Hang gliding 1978 and 1979 part 3
This page follows Hang gliding 1978 and 1979 part 2.
The first five images on this page are artistic derivations of contemporary photos. See Copyright of early hang gliding photos.
Some weeks before this photo was taken at Palomar, Rich Grigsby had pitched over in another Phoenix Mariah at Azusa Canyon in the mountains near Los Angeles. The glider broke and Grigsby deployed his emergency parachute, which had time only to open partially before pilot and glider hit sloping ground. Grigsby was uninjured. Then, during practice for the Palomar competition, John Brant flying another Mariah had the same thing happen. Both pilots were provided with identical Mendij-painted Mariahs for the competition, which used a one-on-one fly-off format. John Brant is visible launching from the second ramp in the photo.
The broadsheet format Glider Rider magazine lent itself to larger and more detailed adverts. Bill Bennett’s Delta Wing Kites and Gliders was one of the few companies that took advantage of that. Other manufacturers just used the same adverts that they used in Hang Gliding magazine.
The Phoenix Mariah was possibly the most complex flex-wing hang glider ever manufactured. (It came in three sizes too!) It was found to be unstable in pitch when they changed the materials used for constructing the battens. Eventually, the design was retrofitted with a tailplane to restore pitch stability.
A full hang check in a flex-wing requires the wire assist to haul downwards to raise the pilot from the ground. In this case, I suspect that the amount of clutter attached to the right down-tube contributes to that endeavor!
See the related topics menu Seagull Aircraft of Santa Monica, California.
A monochrome photo of Liz Sharp wearing her 1970s comms helmet appears on the preceding page.
The Glider Rider cover photo is of Dave Ledford after his wing tumbled seven times following a failed wingover attempt (at Chattanooga, Tennessee). He was unhurt and his glider, a Moyes Mega II (with cross-tube fairings, by the look of it) was largely undamaged. See Dangers of hang gliding for more about hang glider emergency parachutes including a link to a video of Dave Ledford’s chute deployment. Ballistically deployed versions of the emergency parachute were developed subsequently and that technology was applied to the emerging phenomenon of powered ultralight aircraft (microlights in UK terminology) and, later, to more conventional light aircraft.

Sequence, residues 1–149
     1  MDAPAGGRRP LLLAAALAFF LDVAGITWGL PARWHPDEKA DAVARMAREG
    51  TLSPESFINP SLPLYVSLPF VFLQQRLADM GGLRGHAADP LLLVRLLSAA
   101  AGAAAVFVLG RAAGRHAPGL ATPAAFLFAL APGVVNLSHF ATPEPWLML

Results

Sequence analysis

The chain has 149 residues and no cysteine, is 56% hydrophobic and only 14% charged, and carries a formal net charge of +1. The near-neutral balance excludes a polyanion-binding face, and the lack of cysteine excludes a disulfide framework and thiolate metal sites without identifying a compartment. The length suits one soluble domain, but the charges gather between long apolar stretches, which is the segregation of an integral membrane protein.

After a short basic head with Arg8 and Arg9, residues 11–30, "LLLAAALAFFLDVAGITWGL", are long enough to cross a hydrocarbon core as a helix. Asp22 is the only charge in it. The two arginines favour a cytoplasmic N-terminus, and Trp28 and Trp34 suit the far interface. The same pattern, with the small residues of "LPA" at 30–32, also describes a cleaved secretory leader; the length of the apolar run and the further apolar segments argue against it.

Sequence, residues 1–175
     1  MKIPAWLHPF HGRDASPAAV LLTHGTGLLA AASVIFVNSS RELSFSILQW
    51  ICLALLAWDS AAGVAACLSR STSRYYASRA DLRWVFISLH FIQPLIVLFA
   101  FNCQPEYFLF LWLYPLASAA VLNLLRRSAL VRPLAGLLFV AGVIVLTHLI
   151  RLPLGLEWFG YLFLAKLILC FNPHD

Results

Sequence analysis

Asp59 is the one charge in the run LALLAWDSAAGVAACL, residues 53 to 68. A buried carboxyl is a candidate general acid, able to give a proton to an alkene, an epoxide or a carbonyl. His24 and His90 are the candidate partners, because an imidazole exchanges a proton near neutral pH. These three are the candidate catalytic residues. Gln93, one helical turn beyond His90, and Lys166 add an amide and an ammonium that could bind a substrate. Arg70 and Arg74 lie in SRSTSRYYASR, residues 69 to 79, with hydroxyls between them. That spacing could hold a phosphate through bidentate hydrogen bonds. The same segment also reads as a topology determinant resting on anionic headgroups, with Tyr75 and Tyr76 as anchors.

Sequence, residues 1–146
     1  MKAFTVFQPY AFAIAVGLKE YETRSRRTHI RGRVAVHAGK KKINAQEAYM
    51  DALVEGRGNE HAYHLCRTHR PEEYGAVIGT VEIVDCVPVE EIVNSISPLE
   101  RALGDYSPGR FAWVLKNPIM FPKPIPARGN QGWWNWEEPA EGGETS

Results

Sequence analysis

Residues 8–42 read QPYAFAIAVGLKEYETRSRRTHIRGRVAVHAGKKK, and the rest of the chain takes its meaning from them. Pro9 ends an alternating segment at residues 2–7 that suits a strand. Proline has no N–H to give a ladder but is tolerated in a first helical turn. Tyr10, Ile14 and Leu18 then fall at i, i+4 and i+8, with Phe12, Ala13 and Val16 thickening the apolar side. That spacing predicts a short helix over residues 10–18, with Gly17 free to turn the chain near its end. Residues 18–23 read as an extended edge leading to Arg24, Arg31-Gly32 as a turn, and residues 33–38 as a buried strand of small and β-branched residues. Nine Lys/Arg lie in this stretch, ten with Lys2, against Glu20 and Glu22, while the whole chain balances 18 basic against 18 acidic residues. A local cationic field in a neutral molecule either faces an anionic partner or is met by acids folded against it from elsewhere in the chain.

While the Gryphon 2 of 1977 used wing warping to assist with steering, the Gryphon 3 of 1978 relied on pilot weight shift alone. Eventually, Waspair took over production of the Gryphon 3.
Bob Dear, flying the Miles Wings Gryphon 3 in the photo, says that you had to actively fly the it all the time—you could not relax. It was, however, immensely precise and controllable as well as having unbeatable performance (in its time). Production of the Gryphon was taken over by Waspair in 1978, inventor Miles Handley being unable to keep up with demand.
Note the bowsprit and cables instead of crosstubes bracing the leading edges. Unfortunately, all those cables created about as much aerodynamic drag as crosstubes.
See the related topics menu Miles Wings Gulp and Gryphon.
This image illustrates a classic hang glider design of the time, with drag-inducing, costly, time-consuming, and fault-prone deflexor systems on the leading edges. A minor design revolution (a back to the future scenario, arguably) at this time did away with them.
In Britain, the Hiway Superscorpion (said to be based on the Australian Moyes Maxi) was the most popular of the late 1970s deflexorless wings.
Here, Gary Dear flies a Hiway Superscorpion at Monk’s Down in 2018, 40 years after the design was intitially manufactured. However, this example is a Superscorpion 2 made in about 1981.
See the related topics menu Hiway of Sussex, England, and Abergavenny, Wales.
While all manufacturers went defelexorless, Birdman took a different approach with their Cherokee in that it retained a single deflexor wire in line with the airflow. The aerodynamic drag of that cable was reckoned to be minimal and it facilitated tuning the wing as a whole (tensioning or de-tensioning both sides together using turnbuckles) and you could tune out a turn if one developed by tensioning or de-tensioning just one side.